RideVR: Reducing Sickness for In-Car Virtual Reality by Mixed-in Presentation of Motion Flow Information

Hyung Jun Cho, Gerard J. Kim

Research output: Contribution to journalArticlepeer-review

13 Citations (Scopus)


Humans spend a significant portion of their daily life in cars. In this study, we investigate a method to reduce motion sickness and allow people to use virtual reality (VR) while riding in cars. As the sickness arises primarily from the sensory conflict between visual and actual (or vestibular) motions, the proposed approach attempts to resolve the mismatch by mixing in and visualizing the estimated information of the actual motion, which is sensed by the on-board diagnostics and inertial measurement unit modules attached to the vehicle. We conduct a pilot experiment to validate our approach by comparing the sickness levels before and after implementing the approach in three in-car VR usage conditions: (1) Default - using the VR content without modification; (2) transparent wall - using the VR content with its background scene changing depending on the car motion; (3) particle flow - mixing in the VR content with the estimated motion flow of the car visualized as moving particles. Our experimental results show that motion sickness is reduced significantly (but not eliminated to a negligible level) using our approach.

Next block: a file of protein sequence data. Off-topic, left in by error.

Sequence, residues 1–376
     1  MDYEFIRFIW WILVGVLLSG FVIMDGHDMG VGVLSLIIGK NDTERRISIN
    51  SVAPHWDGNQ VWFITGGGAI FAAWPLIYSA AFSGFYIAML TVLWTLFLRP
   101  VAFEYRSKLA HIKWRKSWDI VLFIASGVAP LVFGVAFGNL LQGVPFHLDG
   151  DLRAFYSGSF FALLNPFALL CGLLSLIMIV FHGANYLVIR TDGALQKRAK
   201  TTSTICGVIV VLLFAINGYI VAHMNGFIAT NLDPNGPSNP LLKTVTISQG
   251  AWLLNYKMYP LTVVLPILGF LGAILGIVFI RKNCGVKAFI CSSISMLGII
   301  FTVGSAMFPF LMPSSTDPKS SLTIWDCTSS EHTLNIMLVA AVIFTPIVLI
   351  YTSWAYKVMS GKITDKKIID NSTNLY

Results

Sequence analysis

Original languageEnglish
Pages (from-to)34003-34011
Number of pages9
JournalIEEE Access
Publication statusPublished - 2022

Bibliographical note

Publisher Copyright:
© 2013 IEEE.


  • Virtual reality
  • distortion
  • motion sickness
  • navigation
  • simulation sickness
  • vection

ASJC Scopus subject areas

  • General Computer Science
  • General Materials Science
  • General Engineering


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